noble genealogy

I was at my sisters place over christmas, and was reminded of my grandmother by this oilpainting of her (painted by Ragnhild Thrane in 1904). Her mother and father both had unusual family names, and for a laugh I thought I should see what I could find on that grand internet of ours.

I worked briefly at the National Archives as an apprentice bookbinder yonder, and I remember the genealogists that came trundling up the path from the metro every day, carrying heavy bags of notes. They would request church registres, dusty tomes, old newspapers and microfilm from the six floors below ground. A systematic, gargantuan, taxonomic task. I always thought I would never bother with it, because: back then you needed serious discipline and a keen sense of priority. You would only have a few sources of information available at one time, and flitting to and fro by fancy was not a good idea. Enter scene: the internet!

I started out with the names of my great grandmother, for the simple reason that they are unusual, and therefore easy to follow. The first name, Schjoldager, goes to Trondheim, and I find a small street there named after my great-great-great-grandfather or so. I thought that was rather swell, actually. He was a chimney- and chimney sweeper-inspector. Trondheim burned several times, so I guess this was a reasonably important job. At least not one they would give to the town drunk. Then Schjoldager morphs into Wolner/Wølner, and goes to about 1590, to Jacob Wølner who came to figenschouNorway from Freiberg, Germany to work as Overstiger at Kongsberg Silver Mines. Schjoldager stops there – or at least, I have not tried to find the rest of the Wølmers of Freiberg.

So, back to great grand-mamas second name, Figenschou. It goes to northern Norway, then to Bergen. There, a fellow by the name Elias Fiigenschow (b. ab. 1599, in Copenhagen), was apparently one of the best portrait painters in the country. His grandfather, Mathias Fugenshuh (1540) was a royal saddlemaker from Hindelang, Germany, and he had a coat of arms. I was chuffed. Hurrah, I thought. A proper, swirly family crest complete with animals, acantus and shields.

Elias married a Bloch, and to make a long story short, she hails from the old Norwegian noble families. Apart from having hilarious names such as Benkestokk, Smør (Butter), Smørhatt (Butterhat), Krukow, Bratt til Tomb, Ku til Tomb, Stangjarfylja, the crowning beauty is a governor on Iceland, Tore Bjørnsson Tinghatt (Tinghatt = thing (as in assembly) & hat). The source considers that the name Þinghottr may be because he “came to a thing (assembly) wearing a peculiar hat“. This strikes me as wild speculation, but hey – I love the thought, so I am sticking with the story:

Some time in the early 1200, one of my ancestors came to the assembly meeting wearing something amusing on his head.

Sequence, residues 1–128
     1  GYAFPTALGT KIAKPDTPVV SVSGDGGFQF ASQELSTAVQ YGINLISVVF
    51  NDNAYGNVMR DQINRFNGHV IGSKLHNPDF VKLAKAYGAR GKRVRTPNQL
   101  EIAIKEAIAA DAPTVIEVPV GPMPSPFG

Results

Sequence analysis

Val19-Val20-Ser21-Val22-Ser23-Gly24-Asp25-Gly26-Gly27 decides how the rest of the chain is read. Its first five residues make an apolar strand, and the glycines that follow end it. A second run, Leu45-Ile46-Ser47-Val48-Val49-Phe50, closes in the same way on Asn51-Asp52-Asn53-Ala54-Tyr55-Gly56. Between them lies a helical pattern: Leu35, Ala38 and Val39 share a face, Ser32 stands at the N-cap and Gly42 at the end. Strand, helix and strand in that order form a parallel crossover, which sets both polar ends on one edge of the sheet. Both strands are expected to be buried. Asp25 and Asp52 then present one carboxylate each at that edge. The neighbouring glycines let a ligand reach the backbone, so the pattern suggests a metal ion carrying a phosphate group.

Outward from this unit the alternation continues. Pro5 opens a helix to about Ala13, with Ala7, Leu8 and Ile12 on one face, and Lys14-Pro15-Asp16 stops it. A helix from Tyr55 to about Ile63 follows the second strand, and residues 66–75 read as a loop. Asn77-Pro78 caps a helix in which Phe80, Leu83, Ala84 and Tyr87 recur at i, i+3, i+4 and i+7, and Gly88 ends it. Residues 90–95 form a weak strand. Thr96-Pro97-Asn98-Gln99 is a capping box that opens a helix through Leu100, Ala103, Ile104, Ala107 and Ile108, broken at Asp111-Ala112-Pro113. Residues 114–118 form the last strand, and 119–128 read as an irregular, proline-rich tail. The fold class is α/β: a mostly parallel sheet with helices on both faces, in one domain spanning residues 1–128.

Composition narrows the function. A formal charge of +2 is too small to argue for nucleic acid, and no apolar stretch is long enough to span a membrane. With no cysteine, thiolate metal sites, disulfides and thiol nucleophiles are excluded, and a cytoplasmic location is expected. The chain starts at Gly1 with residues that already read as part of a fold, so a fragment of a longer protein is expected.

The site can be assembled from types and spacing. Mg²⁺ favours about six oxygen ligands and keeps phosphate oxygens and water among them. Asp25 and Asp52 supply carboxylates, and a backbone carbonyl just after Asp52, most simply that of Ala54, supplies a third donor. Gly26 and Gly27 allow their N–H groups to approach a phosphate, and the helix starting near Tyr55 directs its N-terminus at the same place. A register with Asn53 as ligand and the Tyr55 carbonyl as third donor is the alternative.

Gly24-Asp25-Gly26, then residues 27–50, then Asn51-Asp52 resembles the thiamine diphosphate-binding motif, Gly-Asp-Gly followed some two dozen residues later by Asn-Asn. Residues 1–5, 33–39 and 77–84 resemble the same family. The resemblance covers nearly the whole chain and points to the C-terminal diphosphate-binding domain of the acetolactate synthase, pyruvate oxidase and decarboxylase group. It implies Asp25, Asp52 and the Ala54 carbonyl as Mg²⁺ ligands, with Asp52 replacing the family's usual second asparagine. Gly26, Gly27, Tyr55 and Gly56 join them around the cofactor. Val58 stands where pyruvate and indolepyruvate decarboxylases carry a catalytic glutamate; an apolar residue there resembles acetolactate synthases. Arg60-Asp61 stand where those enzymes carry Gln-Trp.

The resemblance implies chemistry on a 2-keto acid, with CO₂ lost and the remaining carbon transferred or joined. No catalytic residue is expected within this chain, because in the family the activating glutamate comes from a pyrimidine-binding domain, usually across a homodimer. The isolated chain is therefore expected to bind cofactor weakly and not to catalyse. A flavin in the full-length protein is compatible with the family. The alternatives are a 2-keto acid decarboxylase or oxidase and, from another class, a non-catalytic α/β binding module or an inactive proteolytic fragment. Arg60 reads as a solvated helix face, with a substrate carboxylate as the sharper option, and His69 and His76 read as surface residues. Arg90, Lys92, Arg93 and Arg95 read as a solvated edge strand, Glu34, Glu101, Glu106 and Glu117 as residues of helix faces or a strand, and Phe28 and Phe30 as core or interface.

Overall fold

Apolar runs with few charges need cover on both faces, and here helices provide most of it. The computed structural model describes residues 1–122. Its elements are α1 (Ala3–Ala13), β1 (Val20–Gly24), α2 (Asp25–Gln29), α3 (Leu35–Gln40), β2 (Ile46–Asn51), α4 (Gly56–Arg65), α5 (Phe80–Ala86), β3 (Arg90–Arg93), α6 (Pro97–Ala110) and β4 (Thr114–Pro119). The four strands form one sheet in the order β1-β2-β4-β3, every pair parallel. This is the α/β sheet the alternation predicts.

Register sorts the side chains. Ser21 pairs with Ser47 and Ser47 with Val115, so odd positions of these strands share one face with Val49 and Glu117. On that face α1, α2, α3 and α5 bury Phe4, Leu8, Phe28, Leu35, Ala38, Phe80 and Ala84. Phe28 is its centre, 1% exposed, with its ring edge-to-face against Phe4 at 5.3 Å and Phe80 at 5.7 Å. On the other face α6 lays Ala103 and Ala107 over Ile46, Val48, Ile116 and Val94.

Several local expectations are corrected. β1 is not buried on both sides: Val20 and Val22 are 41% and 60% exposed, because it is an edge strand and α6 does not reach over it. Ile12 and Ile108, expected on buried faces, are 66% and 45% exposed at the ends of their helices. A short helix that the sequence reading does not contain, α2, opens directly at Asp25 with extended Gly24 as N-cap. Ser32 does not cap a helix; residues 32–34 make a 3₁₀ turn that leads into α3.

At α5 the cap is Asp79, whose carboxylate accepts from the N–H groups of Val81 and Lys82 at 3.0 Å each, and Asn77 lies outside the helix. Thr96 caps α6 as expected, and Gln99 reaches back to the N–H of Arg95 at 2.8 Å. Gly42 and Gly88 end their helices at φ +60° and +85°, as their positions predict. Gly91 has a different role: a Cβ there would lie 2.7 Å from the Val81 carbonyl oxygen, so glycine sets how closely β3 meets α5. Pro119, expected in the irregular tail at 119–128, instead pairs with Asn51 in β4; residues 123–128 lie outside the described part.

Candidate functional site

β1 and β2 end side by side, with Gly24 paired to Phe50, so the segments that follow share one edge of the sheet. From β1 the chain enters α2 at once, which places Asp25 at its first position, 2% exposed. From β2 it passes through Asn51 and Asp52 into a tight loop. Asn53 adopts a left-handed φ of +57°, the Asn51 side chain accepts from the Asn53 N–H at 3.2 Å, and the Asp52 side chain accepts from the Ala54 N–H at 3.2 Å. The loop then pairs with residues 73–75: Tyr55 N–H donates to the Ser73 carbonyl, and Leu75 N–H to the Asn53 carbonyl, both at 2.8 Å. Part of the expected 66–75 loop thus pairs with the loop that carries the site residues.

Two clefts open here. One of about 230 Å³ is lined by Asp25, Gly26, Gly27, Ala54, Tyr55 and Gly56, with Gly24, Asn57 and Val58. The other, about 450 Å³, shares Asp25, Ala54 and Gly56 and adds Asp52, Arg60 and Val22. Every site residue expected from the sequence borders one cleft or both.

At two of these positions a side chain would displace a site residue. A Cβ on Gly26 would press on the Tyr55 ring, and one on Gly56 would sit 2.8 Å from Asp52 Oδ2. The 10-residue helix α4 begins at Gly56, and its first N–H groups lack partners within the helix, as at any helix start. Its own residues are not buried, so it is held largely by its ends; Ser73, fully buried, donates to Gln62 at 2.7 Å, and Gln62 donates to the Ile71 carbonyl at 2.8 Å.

From another path of the Figenschou line, I find the unassuming name Hage. The line goes to Danefær, to not-so-unassuming Holstein, to von Reventlow, to Rantzau, Buchwald, Breide, and further to the positively pompous von Ahlefeldt, Limbek, Gyllenstierne, von Rugen. This may not say very much, but they are all nobility, knights, members of Council of the Realm. Wherever that may be. I was at this point swimming in more crests and coat of arms than I cared to, and it was clearly steering towards Scandinavian royalty. And if you get mixed into that, there is no way out. To cut a very very long story very short, I end up at various kings and queens of Sweden, Denmark; princesses from England, Poland, Italy and Russia. Some saints too. This is around year 1000, and if things are a little shady after the black death, it certainly gets foggy around 1000.

Of course, genealogy is not an exact science, and I am no professional. I am good at digging around on the internet though. Of course I may have gotten something wrong, but I would be in good company, among those hobby genealogists that came to the National Archives. I have tried to find at least two sources and confirmation of the lines, particularly the high royalty. They often had multiple wives, husbands, children out of wedlock left right and centre. The men might die early in war, the women in childbirth. I am learning much about “NN”, and the politics of marrying off your daughters for political reasons. And after all, we are all related, more or less. At least in Scandinavia it was not uncommon to send a child to a neighbouring lord or a relative to be brought up there. This was to ensure connections and peace, but it might also leave the origin of the child uncertain. At some point in history, the idea of “parent” may be biological, or may be whoever raised the child. See the confusion?

From Figenschou, I find three distinct lines that I have not followed through. One point to the old kings of Norway, and the two others both point to Charlemagne. I mean, what do you do then? Behind him is the Byzantine empire.

Once you have hitched your family tree to a royal line, there is little point in following it through: others have done that. The royal connections are amusing, but I do not feel any relation to them. My initial interest was to find amusing anecdotes such as the guy with the peculiar headgear, and the guy that “in a fit of anger did away with himself with a rope” (Johan Reinertsen Wormhuus, 1686, Bergen).

I have three more family lines to look at. They will not be so easy, but they might have good stories. And yes, I made a family tree. A work in progress.